Editorial: County earns a ‘yes’ on Prop 1
August 3, 2010 · Updated 3:31 PM
In tough economic times we expect local government to cut first and ask for more resources later, and that’s exactly what Island County has done.
Since the Great Recession hit, the county commissioners have cut the general fund by $4.2 million (20 percent) and laid off more than 50 employees, impacting the sheriff’s department, the prosecutor’s office, the health department and virtually every other county function, including animal control and assistance to senior citizens.
Employees who weren’t laid off have either had their wages frozen, spent time on furlough or been required to pay more for their health insurance.
After nearly three years of cutting, the commissioners are now asking taxpayers for financial help in the form of Proposition 1, which is on the Aug. 17 primary ballot that voters received in the mail late last week.
Nobody likes tax increases, particularly when we’re all hurting either through job losses, investment losses or decreasing property values. But as citizens, we have an obligation to support basic government services at the local level. Many Americans are furious at the federal government for its uncontrolled spending, but they should not take out their anger at local government which provides most of the services we actually need.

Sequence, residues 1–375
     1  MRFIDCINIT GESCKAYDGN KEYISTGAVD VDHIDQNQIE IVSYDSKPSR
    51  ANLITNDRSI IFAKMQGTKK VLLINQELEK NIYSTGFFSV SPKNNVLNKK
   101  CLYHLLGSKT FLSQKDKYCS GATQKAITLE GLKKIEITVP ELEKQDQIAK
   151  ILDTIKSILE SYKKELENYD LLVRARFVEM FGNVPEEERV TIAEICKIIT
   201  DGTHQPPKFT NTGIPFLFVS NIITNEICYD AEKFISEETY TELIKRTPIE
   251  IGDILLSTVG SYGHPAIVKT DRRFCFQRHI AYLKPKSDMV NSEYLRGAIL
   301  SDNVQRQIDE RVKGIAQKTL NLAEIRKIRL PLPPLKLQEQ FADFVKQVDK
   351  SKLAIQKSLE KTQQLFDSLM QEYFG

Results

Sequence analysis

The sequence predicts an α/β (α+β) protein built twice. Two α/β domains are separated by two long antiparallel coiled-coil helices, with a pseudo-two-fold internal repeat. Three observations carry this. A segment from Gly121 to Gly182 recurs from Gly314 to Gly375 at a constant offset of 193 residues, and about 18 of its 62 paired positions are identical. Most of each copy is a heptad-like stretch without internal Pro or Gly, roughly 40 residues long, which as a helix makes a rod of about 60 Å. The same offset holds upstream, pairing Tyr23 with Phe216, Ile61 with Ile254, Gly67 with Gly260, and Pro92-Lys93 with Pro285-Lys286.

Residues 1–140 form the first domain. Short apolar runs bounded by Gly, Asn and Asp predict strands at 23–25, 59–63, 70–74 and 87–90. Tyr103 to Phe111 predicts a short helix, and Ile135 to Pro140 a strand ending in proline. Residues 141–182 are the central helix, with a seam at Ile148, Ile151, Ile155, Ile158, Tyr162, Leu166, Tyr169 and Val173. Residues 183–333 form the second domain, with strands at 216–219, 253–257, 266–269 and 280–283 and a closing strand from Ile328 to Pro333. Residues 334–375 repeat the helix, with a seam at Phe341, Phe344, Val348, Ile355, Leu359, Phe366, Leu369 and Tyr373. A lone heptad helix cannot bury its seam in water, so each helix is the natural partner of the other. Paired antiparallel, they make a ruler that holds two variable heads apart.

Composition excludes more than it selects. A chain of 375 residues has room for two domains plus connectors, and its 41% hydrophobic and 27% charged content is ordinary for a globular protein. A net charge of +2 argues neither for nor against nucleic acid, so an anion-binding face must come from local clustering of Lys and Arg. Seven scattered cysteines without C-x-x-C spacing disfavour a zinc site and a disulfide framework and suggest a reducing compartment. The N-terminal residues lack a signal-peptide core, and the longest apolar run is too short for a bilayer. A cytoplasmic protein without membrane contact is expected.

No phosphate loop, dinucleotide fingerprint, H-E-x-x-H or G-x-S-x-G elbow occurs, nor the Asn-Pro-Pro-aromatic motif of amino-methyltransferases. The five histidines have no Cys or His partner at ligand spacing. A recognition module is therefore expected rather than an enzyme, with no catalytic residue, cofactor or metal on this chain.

Proposition 1 asks for a property tax increase of roughly 16 cents per thousand of assessed value when implemented next year. For the typical property owner, that works out to $3 to $4 per month.
Proposition 1 also includes a cost-of-living increase, based on the CPI, for each of the next five years to keep the county from falling further behind. This could be worrisome if inflation takes off, but at present economists can’t agree if deflation or inflation is the greater worry. Regardless, that ends after five years and the maximum increase returns to 1 percent a year.
The commissioners deserve to have earned the public’s trust by all the cutting they have already done. And the county sheriff, a Republican, and prosecutor, a Democrat, agree that our criminal justice system is in peril should Proposition 1 fail.
For the sake of preserving a county government that is functional, but not excessive, vote yes on Proposition 1.